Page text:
A group of women that have a passion for all things quilting have once again descended upon Ponoka.
For the last 12 years, women from various parts of central Alberta have gathered together to learn, teach and bond not only fabric but friendships in what can only be described as a big quilting bee.
This year, the four day retreat ran from Aug. 12 to 15 at the Ponoka Royal Canadian Legion and marks nine years of organizer Kathleen Mennell managing to get things done just in the nick of time.
“It’s like a family coming home every year. All of you are special to me,” said the 74-year-old Mennell, who also had help from the 60 women at the retreat in celebrating being five years of being cancer free.
“I enjoy myself doing this, but I’ve kind of decided that we will do it one more year.”
What began with 16 quilters in the first year, hosted in Strome, has consistently grown and has seen many additions to the retreat schedule aside from quilting — massages for the ladies, catered meals, goodie bags filled with all sorts of quilting and other treats plus the opportunity to show off their various creations during show and tell time.
One added attraction at this event came on opening night Sunday with a presentation by a Ponoka woman who has quite quickly become a teacher of quilting for the members of the local club.
Janine Buhler, described by Mennell as a very gifted quilter, had never taught anyone before, but offered to do it for those that show up weekly at the local seniors centre.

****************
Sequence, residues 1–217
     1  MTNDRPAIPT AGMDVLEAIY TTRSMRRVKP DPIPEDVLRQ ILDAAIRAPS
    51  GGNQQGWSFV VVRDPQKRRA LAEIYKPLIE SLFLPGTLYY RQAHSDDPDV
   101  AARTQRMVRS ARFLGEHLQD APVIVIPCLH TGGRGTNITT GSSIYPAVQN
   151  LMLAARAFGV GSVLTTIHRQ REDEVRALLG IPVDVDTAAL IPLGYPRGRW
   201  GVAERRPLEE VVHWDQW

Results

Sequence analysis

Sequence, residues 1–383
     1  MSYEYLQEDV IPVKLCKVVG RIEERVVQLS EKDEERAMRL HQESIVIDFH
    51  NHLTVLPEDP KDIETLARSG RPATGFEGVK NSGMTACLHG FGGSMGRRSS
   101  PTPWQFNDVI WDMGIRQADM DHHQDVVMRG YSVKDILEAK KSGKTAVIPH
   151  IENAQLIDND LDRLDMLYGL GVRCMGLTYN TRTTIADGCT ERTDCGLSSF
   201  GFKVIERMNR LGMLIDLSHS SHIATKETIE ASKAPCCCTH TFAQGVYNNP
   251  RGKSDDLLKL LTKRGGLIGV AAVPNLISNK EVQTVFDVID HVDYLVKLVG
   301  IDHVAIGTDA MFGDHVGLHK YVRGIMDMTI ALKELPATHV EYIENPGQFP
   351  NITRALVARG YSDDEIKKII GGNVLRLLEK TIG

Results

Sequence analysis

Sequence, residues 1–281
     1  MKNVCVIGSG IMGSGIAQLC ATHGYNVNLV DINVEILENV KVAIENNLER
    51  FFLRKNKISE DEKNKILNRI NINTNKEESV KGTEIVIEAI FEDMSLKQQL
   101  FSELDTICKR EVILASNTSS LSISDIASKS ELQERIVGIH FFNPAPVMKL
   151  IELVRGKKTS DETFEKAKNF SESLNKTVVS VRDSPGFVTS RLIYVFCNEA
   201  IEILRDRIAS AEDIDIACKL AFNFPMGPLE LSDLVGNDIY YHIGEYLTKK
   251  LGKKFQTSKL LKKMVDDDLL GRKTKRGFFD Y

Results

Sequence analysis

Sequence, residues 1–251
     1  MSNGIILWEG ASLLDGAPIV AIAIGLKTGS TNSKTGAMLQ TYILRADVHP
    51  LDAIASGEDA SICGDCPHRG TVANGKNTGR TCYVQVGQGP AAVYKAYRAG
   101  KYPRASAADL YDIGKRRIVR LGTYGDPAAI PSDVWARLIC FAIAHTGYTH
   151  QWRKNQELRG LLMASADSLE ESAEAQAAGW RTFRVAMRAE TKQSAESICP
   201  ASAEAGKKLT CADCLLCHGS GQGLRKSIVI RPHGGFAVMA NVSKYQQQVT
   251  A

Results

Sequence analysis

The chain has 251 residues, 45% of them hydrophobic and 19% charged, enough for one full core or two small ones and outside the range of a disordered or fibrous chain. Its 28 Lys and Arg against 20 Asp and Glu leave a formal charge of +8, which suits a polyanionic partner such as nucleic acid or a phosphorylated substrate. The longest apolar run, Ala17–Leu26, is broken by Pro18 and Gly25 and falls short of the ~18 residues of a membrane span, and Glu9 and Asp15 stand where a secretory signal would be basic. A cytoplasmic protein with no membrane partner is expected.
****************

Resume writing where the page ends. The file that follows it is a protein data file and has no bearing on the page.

“My quilting journey started about 20 years ago, when my girls were little,” Buhler said, who grew up in South Africa.
“When I came to Canada, I had nothing of my family and felt like I had no base. So, I tried building stuff with heritage value with my kids and that’s how I started quilting.”
The idea of having a blanket to cuddle in really appealed to Buhler, but back then there wasn’t the resources available that people starting out can find today.
Buhler would eventually move on from using dress fabric to actual quilting fabric, as well as got full on into longarm quilting — in which the fabric is stationary and you move the machine to do the work. There is also a method called free-motion where a person builds blocks of quilts on a sewing machine then stitched the blocks together to build a quilt.
“As quilters, we always make ones for everyone else, so I had to scramble to find some for this,” she said.
“Now, I teach and I’m having a ball.”